Religion scholar Jana Riess is on a mission to find out how millennials interact with The Church of Jesus Christ of Latter-day Saints.
“We make a lot of assumptions about what young adults want and what they think,” Riess said. “I have a feeling that it’s actually better to ask them what they want and what they think instead of just preaching at them or trying to shape them in the image of their elders — just to listen to them.”
She’s working on a survey project called “The Next Mormons,” which looks at how different generations of Mormons have interacted with the Church and why some leave. She wants to see if there’s been a generational change in religious views in regards to beliefs, theology, religious behavior and social attitudes.
Her team surveyed 1,155 current Mormons and 541 people who left the Church. They’ve weighted the survey to account for any unintentional oversampling, and now the data is “cleaned up” and representative of the LDS population in the U.S., she said.
Nationally, fewer young adults affiliate with a religious organization. A 2016 Public Religion Research Institute survey found 39 percent of Americans ages 18 to 29 were religiously unaffiliated, and the number seems to be growing.
Riess said as a religion scholar and a Mormon, she wanted to see how this trend affects the church.
“The first thing I’m interested in is positioning what’s going on within Mormonism in a larger context in what’s going on in America’s religious history,” Riess said.
Many millennials are strong believers, Riess said. They’re enthusiastic about relationship-building church programs, such as home teaching and visiting teaching.
BYU religion professor Mark Ogletree said he’s noticed millennials’ affinity for serving other people. He says this quality helps attract millennials to the LDS Church and keep them there.
“The millennial generation is a generation that loves to help and serve people, and there is no better organization in the world to belong to in order to help care and serve others than our church,” Ogletree said. “Helping people, serving others, building others — that’s what The Church of Jesus Christ of Latter-day Saints is all about.”
Riess’ survey splits 29 reasons for leaving the LDS Church into two categories: doctrinal and experiential. Experiential reasons include feeling judged or not having friends in the congregation.
“Overall, we were surprised to find that doctrinal issues were not as important for young people who had left the church as they were for older Mormons,” Riess said. “But for younger Mormons and for women of all ages, the experiential was more at the forefront.”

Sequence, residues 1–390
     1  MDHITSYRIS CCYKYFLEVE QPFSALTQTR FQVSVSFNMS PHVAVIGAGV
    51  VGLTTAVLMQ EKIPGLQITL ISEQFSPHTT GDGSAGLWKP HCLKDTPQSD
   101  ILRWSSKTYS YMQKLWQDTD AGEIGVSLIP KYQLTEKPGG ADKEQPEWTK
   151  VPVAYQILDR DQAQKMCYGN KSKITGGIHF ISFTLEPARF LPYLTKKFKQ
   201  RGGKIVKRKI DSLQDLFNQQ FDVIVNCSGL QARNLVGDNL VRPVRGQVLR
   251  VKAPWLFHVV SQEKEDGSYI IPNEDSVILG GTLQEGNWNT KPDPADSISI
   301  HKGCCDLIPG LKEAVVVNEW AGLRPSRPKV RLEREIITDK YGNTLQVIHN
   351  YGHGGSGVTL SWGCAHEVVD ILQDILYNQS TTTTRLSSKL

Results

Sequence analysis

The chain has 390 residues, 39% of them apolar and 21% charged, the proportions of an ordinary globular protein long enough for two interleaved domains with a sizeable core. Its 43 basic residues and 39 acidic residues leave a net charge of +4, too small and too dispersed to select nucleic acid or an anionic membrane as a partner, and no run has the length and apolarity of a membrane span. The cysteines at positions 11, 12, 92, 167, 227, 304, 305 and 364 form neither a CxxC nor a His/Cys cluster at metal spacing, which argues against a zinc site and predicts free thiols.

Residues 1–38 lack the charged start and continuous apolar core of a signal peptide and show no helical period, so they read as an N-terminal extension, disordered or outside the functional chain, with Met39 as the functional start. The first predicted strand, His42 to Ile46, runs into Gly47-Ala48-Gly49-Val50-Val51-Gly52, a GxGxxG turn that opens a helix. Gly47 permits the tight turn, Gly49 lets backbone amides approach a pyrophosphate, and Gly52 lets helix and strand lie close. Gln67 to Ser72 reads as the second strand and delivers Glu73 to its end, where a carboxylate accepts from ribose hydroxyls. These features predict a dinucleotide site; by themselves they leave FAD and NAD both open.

Several former members still have testimonies, according to Riess. Some still believe in broad Christian doctrines, such as God’s existence and Jesus Christ’s resurrection. But others still believe in specifically LDS teachings, Riess found.
“People who leave are often very complicated,” Riess said. “They have complicated relationships with the church, and in some cases, they’re believing without belonging.”
Ogletree said millennials leaving the LDS Church is part of the broader generational trend away from religion and toward a more secular culture — the trend that sparked Riess’ study.
“It’s part of the generation they live in where there is a significant amount of questioning and challenging the core values and beliefs our country was founded upon,” Ogletree said. “Questions are welcome. They always have been and always will be. We just need our people going to the right sources to get their answers.”
One of the top three reasons millennials leave the church is disagreement about LGBT issues, according to Riess’ survey,. Riess said this factor was not in even the top 10 reasons for the Silent Generation.
“(Mormon millennials) are more progressive on issues like LGBT issues and women’s roles,” Riess said. “Socially, they’re not as liberal as other millennials, but they are far more progressive than Silent Generation and Baby Boomer Mormons.”
The other top two reasons were feeling judged and not trusting leaders “to tell the truth about controversial issues.” Riess said she believes the best way to prevent young adults from leaving for these reasons is to listen to them without judgment.
“There’s really no shortage of advice for young people, but I think there is a very severe shortage of listening,” Riess said.
Ogletree said he worries some millennials approach LDS doctrine as something changeable with the right “lobbying.”
“We don’t negotiate with prophets, and we don’t lobby the Brethren. The church is not a democracy. It’s a theocracy,” Ogletree said. “When our prophets and apostles speak, our responsibility as disciples of Jesus Christ is to align ourselves with their teachings and messages — not to fight against them. What they say is God’s will, and we’re not going to change church policies by getting thousands of ‘likes’ on Facebook for an opinion we posted.”
Millennial BYU student Hannah Parry said she appreciates what LDS Church leaders say about millennials is a positive contrast from the many negative societal beliefs about people in her age demographic.
“I love, love, love when church leaders talk about millennials because they talk about us in great ways: ‘You guys are awesome. You guys have had these experiences that have trained you to be the next leaders,'” Parry said. “That feels comforting that the leaders of the church have faith in us.”
Riess said she has also noticed how the leaders of the LDS Church talk positively about young adults. However, she is also concerned about the way they voice their praise, wondering whether it divides Mormon millennials from their non-Mormon peers.
“On the one hand, they’re full of praise,” Riess said. “But it’s always us vs. them praise.”